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Syria air strikes: Theresa May faces MPs' questions

Syria air strikes: Theresa May faces MPs' questions
From BBC - April 15, 2018

Theresa May is to face MPs' questions about her decision to authorise air strikes against the Syrian government.

Opposition parties say MPs should have been consulted before the UK joined the US and France in bombing three Syrian sites, in response to a suspected chemical attack on the town of Douma.

Labour has called for the law to be changed for any future interventions.

Foreign Secretary Boris Johnson promised MPs would have "abundant time" to have their say.

Sites near Damascus and Homs were hit on Saturday in response to the alleged chemical attack on Douma on 7 April.

Both Syria, which denies any chemical use, and Russia, which provides military support to the Syrian government, have reacted angrily to the action.

UK prime ministers do not legally need to consult Parliament before launching military action, although they have done so since the 2003 invasion of Iraq.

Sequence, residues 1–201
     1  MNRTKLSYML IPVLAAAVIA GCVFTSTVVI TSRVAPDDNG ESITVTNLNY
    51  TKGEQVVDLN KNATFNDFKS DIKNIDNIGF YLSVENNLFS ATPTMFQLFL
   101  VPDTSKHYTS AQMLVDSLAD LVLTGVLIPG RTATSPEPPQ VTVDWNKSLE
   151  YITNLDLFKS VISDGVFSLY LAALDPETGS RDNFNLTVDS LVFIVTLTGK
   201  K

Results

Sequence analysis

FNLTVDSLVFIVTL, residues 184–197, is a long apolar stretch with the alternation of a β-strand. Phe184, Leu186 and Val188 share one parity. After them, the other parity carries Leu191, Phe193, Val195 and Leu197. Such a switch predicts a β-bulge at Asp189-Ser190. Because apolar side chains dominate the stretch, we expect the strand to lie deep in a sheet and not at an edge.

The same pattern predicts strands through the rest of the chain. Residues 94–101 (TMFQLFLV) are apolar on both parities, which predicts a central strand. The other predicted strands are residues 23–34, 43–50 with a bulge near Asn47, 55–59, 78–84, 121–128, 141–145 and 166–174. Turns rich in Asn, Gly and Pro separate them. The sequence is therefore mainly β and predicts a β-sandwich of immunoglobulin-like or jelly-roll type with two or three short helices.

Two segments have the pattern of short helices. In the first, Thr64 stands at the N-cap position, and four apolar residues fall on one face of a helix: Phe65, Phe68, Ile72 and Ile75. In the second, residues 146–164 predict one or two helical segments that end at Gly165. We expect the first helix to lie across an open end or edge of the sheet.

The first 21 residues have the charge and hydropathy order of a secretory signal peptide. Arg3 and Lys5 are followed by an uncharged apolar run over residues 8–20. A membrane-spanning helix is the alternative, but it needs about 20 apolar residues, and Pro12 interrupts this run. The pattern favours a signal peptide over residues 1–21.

Mrs May is due to give a Commons statement on Monday before facing questions from MPs.

She is also expected to ask the Speaker for permission to hold an emergency debate in Parliament on the issue of Syria.

BBC political correspondent Ben Wright said if approved it would be up to the opposition parties to decide if they wanted a vote at the end of the debate.

He said with or without the vote it would be "largely symbolic" and would mainly just acknowledge that Parliament has had its say.

But it would not give MPs the chance to formally approve or reject the air strikes themselves, says the BBC's political editor, Laura Kuenssberg.

Her decision to authorise action without MPs' backing has been criticised by Labour leader Jeremy Corbyn, who said she could "easily" have recalled Parliament or delayed her decision until MPs returned to Westminster from the Easter recess.

Mr Corbyn called for a new War Powers Act "so governments do get held accountable to Parliament for what they do in our name".

This was dismissed by cabinet minister David Lidington, who told ITV there were "no plans" to change the law.

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